Top 100 Dive Sites on Earth: Part 2


Wondering where to go for your next diving trip? We have done the research for you and compiled a list of the top 100 dive sites on Earth. Deciding where to go first, now that’s up to you.

(Part 2)


Island of Socotra, Yemen

Socotra is an island in the Arabian Sea and part of Socotra Peninsula, just off of Yemen. Its unique diving spots and calm waters make it an ideal scuba diving location. From coral reefs rich with marine life, to old wrecks perfect for exploring, Socotra has it all. The island and its surroundings are excellent for a serene getaway, as the climate is warm and soothing, and the virgin landscape is breathtaking. Socotra has plenty of interesting diving spots. The notable dive sites you want to consider visiting are: Dihamri Marine Protected Area that is famous for its variety of fish species and corals, it has five diving spots – the deepest is 50m. Rosh Marine Protected Area is known for a reef that stretches about 1km off the coast, a place where night dives are suitable. The depth is 10-15 meters. Eastern Cape Ras Di Erissel is a place where ships have been colliding with rocks for centuries, and some of the wrecks still haven’t been explored completely. The most renown is the Sunrise Wreck, a sunken vessel that has created an artificial reef in the very center of the bay at a depth of 25-27 meters. A thrilling dive because it can often have currents, the Sunrise Wreck is a beautiful place. Around February to March the waters are very calm and it’s possible to see lots of species of fish schooling around the wreck.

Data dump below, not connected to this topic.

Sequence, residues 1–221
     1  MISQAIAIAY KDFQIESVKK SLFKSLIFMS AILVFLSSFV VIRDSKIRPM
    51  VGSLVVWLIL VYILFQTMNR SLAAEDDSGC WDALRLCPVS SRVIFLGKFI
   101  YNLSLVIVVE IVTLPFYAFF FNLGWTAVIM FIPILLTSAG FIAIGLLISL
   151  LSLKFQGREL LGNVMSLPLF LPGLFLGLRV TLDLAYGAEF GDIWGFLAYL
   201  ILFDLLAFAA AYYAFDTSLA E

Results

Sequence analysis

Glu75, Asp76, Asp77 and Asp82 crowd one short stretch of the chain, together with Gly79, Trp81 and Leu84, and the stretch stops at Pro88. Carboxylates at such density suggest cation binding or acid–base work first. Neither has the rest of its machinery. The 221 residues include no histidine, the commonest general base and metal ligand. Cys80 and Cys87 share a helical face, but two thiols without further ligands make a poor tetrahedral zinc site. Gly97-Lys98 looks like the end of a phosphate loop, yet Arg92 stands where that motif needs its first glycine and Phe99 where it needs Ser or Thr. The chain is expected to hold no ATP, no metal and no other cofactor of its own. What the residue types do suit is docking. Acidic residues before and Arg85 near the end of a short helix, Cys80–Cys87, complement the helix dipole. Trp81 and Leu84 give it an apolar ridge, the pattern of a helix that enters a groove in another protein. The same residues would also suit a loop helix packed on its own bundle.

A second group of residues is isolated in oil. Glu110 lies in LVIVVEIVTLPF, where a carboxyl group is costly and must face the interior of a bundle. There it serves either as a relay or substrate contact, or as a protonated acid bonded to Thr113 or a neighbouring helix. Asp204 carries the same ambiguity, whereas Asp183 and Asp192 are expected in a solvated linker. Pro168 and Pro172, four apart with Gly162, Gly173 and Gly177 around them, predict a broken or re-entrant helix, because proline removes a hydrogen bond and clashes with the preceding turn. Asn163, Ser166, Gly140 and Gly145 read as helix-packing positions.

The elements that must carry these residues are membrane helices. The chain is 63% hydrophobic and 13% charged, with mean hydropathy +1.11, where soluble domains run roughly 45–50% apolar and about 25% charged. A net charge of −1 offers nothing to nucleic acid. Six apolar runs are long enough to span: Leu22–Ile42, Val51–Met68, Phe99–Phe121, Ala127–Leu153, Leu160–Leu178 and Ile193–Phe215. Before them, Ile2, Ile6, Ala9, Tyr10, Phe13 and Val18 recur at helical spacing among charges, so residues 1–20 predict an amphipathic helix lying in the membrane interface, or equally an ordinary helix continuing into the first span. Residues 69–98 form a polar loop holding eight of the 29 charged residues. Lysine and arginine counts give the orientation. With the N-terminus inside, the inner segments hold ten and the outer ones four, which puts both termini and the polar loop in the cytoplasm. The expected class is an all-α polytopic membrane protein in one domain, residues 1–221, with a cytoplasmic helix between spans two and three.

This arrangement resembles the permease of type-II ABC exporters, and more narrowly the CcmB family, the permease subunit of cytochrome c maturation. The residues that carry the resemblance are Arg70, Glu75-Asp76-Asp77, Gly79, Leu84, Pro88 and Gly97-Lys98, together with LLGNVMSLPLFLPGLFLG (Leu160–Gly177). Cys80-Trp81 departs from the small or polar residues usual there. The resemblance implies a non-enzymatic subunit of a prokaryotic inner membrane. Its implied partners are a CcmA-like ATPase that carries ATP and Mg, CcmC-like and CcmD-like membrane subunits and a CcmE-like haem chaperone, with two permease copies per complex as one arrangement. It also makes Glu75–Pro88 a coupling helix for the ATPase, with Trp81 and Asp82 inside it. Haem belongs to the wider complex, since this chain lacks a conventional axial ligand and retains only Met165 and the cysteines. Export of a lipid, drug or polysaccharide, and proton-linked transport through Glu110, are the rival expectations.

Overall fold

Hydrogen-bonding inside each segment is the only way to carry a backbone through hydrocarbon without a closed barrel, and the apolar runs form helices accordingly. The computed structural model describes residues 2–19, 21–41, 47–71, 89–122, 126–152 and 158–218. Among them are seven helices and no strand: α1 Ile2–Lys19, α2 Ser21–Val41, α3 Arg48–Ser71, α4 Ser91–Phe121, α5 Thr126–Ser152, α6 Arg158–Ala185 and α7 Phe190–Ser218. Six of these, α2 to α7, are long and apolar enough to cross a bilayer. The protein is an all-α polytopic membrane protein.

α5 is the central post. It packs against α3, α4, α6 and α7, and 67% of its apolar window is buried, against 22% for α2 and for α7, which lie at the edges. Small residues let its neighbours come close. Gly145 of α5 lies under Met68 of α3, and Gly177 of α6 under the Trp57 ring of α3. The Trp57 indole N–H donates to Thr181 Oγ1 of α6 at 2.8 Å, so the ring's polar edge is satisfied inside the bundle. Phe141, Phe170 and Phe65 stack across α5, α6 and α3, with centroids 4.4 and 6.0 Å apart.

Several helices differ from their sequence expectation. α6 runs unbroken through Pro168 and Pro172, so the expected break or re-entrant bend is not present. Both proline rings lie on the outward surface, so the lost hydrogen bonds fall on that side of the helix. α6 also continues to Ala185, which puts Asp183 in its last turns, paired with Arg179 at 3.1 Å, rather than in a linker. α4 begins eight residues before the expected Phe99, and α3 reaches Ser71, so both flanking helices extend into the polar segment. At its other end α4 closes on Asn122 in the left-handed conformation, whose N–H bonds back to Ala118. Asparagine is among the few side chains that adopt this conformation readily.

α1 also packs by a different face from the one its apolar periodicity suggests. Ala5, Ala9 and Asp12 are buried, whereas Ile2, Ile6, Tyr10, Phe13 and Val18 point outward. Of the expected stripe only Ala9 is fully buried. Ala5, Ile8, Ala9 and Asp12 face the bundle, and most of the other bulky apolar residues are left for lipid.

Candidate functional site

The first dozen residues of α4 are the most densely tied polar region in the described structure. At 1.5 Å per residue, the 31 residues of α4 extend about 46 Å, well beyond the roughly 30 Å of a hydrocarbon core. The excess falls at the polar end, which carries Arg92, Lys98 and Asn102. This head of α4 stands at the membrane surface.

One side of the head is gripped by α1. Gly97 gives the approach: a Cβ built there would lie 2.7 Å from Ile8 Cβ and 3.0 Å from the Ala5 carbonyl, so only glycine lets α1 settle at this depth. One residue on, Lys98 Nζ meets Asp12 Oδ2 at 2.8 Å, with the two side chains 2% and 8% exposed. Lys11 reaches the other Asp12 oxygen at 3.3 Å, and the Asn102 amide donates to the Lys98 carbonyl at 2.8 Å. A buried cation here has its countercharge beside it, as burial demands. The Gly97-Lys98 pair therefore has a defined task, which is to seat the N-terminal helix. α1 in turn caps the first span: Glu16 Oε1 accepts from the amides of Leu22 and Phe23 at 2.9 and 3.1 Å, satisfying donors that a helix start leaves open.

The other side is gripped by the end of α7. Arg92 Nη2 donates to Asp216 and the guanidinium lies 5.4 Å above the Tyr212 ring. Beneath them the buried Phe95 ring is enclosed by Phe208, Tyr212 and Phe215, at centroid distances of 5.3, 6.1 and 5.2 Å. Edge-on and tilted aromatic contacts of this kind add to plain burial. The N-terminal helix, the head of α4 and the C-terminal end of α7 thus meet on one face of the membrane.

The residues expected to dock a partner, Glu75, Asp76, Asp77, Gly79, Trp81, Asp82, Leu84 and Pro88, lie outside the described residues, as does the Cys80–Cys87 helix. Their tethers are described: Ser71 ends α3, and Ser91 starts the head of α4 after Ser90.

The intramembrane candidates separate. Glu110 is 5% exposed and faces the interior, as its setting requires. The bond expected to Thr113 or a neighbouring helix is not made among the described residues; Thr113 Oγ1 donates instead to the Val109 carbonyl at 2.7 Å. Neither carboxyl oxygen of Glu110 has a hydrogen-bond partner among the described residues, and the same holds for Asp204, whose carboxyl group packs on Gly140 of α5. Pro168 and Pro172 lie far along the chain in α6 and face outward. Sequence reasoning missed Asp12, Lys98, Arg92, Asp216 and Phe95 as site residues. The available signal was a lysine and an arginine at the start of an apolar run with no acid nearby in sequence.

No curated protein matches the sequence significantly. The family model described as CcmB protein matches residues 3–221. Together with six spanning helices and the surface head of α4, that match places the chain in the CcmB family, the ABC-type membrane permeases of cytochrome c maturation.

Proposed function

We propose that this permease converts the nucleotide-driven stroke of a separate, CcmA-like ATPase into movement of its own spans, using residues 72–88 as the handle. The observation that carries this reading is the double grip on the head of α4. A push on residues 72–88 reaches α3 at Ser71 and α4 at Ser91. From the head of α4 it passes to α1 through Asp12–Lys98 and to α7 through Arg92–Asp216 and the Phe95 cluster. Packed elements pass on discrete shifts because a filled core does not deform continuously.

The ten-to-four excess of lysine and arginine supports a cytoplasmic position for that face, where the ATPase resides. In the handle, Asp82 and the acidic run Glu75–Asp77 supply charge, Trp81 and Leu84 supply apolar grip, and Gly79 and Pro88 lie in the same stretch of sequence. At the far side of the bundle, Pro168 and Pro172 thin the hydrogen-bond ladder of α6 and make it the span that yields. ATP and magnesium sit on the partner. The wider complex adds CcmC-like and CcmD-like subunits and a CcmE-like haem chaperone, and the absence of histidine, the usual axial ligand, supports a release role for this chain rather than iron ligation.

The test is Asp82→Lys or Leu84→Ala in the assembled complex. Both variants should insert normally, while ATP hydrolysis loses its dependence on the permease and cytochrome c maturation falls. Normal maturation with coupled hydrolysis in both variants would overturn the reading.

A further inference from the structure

Dive sites around Madagascar

Madagascar is located in the Indian Ocean off the eastern coast of Africa. The best diving is found around the islands and islets surrounding Nosy Be on the north and west coasts. There are also some good diving sites in the south of the island and dive operators operating there, mainly around Ifaty. Every year 10% of the world’s population of humpback whales migrates to Madagascar’s waters. From June to September, the whales come from the Antarctic to breed in Madagascar’s warmer waters. During this time they provide viewers with a magnificent mating display. By the end of August females give birth, and it is not unusual to see the mothers swimming with their calves. Whales can be watched from Isle Sainte Marie, Tuléar, Fort Dauphin, Nosy Be and in the Antongil Bay, which remains one of the world’s best places to see these imposing yet graceful creatures.


Mafia Island, Tanzania